Politics

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Tag archives for Politics

Megan Quinn Bachman has a fabulous piece on the problem of net energy ignorance. Megan followed a group of ASPO attendees who visited congressional offices to talk about peak oil, and found pretty much what you’d expect – but what you’d expect has serious consequences: During our congressional briefings, it felt like we were the…

A superb article by Benjamin Dueholm in Washington Monthly about Foster Parenting and its connection to politics and a whole host of other things. Well worth a read: In a way that we never really anticipated, welcoming Sophia into our home led us into the wilderness of red tape and frustration navigated every day by…

On Friday, in a move that shocked, truly shocked America, President Obama said that food stamps were more important than Defense. Since this sort of prioritization is one of the fundamental differences between the US extreme right (aka Republicans) and the US center-right (also known as the Democrats), the fact that this caused an uproar…

WIC on the Chopping Block

Over the years I’ve written a great deal about SNAP/Food Stamps and other hunger alleviation programs, but I’ve never written anything specifically about WIC, which I have tended to lump in with other food programs. I’ve been thinking, however, a lot about WIC lately, because it has come on the budget chopping block in the…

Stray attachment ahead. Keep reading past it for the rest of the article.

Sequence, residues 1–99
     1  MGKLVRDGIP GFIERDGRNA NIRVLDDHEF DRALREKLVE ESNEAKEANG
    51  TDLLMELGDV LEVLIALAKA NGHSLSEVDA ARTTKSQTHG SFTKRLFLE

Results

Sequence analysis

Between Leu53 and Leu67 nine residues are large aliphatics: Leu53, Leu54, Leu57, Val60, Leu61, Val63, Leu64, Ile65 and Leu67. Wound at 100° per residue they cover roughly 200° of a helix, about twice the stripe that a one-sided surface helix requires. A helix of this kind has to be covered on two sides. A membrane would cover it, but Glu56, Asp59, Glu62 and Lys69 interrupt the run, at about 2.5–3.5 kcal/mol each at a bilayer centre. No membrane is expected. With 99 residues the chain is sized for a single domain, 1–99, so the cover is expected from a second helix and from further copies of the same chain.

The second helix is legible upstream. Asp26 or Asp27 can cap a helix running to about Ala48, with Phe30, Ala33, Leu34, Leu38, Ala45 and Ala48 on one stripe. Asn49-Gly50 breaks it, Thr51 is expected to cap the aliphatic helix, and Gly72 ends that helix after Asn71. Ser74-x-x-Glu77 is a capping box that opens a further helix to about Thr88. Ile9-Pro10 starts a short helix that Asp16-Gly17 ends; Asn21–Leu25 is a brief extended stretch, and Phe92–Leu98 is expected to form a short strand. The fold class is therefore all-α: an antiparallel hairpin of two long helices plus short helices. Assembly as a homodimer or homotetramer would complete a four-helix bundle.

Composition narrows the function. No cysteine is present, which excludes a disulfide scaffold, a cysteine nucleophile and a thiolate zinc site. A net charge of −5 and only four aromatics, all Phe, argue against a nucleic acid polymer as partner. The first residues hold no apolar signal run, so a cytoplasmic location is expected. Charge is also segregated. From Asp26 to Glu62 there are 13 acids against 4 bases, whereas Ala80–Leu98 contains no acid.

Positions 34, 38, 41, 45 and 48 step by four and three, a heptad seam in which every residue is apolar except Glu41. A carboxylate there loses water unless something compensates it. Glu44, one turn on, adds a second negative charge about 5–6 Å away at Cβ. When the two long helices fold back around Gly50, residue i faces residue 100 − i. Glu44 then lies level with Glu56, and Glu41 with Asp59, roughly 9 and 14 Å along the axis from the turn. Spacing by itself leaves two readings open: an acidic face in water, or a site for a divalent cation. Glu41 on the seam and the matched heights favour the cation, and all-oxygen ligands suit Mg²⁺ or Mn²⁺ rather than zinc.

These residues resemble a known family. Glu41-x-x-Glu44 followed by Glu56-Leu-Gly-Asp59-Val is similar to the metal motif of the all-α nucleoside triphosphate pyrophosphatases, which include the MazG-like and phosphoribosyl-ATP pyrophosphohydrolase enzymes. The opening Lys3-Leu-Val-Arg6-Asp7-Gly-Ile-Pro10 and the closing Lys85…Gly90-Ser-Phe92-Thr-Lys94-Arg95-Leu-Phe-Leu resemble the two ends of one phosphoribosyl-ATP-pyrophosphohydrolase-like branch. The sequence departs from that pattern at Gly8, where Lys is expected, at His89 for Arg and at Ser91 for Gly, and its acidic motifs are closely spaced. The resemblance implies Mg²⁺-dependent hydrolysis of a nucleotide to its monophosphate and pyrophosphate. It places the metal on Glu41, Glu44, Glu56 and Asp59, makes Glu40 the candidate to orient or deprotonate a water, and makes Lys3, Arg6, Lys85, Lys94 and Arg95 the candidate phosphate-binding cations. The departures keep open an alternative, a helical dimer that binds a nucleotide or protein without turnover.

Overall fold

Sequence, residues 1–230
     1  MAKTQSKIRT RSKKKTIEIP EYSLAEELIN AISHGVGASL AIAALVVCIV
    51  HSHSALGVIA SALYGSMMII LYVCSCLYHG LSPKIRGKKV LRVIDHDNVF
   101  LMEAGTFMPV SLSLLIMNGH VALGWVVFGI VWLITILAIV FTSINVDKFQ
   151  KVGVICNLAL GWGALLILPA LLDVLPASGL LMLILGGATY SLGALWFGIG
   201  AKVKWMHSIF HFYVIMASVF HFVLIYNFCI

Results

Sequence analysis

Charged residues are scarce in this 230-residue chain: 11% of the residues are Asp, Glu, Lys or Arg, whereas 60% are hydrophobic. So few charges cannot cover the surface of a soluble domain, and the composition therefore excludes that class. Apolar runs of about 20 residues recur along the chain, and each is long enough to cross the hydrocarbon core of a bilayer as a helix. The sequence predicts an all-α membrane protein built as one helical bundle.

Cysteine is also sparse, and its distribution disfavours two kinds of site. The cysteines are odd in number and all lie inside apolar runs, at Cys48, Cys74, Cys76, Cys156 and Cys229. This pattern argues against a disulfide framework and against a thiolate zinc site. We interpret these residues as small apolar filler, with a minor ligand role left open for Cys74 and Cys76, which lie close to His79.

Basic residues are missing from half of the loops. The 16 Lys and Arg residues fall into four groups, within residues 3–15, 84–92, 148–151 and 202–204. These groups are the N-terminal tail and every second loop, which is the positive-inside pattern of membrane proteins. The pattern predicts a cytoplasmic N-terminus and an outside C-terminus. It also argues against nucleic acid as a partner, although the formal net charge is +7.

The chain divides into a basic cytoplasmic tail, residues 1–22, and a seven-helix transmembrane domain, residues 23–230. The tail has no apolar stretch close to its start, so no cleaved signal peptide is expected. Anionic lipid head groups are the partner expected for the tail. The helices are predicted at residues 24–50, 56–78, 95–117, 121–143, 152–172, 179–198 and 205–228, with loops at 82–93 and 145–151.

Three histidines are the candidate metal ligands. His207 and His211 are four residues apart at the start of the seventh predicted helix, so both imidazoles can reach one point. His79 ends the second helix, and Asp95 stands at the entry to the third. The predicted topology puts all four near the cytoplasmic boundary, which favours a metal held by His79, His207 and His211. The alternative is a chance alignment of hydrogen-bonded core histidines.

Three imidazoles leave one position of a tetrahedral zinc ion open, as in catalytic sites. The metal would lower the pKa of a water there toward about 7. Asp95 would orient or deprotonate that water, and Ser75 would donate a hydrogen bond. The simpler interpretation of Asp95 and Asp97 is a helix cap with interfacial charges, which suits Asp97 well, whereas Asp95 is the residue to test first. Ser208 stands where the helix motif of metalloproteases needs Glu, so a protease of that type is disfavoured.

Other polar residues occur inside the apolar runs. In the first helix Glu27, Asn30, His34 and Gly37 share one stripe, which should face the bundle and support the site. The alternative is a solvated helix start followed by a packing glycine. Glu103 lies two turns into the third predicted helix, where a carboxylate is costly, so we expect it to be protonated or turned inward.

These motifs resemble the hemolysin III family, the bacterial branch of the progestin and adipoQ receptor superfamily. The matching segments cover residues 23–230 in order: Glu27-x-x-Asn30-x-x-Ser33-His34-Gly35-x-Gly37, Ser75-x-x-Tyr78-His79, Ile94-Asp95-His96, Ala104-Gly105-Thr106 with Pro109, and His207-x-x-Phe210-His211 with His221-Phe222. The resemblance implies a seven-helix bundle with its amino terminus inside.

There’s a really good debate going on in the combox of my Khaki Markets Post on an issue that I’ve been meaning to write about for a while – to what extent is it possible for people who are seeking the same social ends to work together when they use different political means. In the…

A new Gallup poll suggests that Americans are less worried about most environmental issues than they have been since Gallup began polling 20 years ago. “Americans are less worried about each of eight specific environmental problems than they were a year ago, and on all but global warming and maintenance of the nation’s fresh water…

On the Problem of Community

John Michael Greer has a superb piece up about our reluctance to seriously consider real community and organizational strategies. I think it is well worth reading for anyone interested in this question of community – because we have to ask ourselves, if this is the tool we’ve got, why do so few of us want…

A while back I argued that there’s a rule – when the US spends a whole lot more and uses a whole lot more than everyone else, what we usually get back isn’t just less than everyone else gets for the same buck, it is dramatically worse. I called it my rule of 10 times…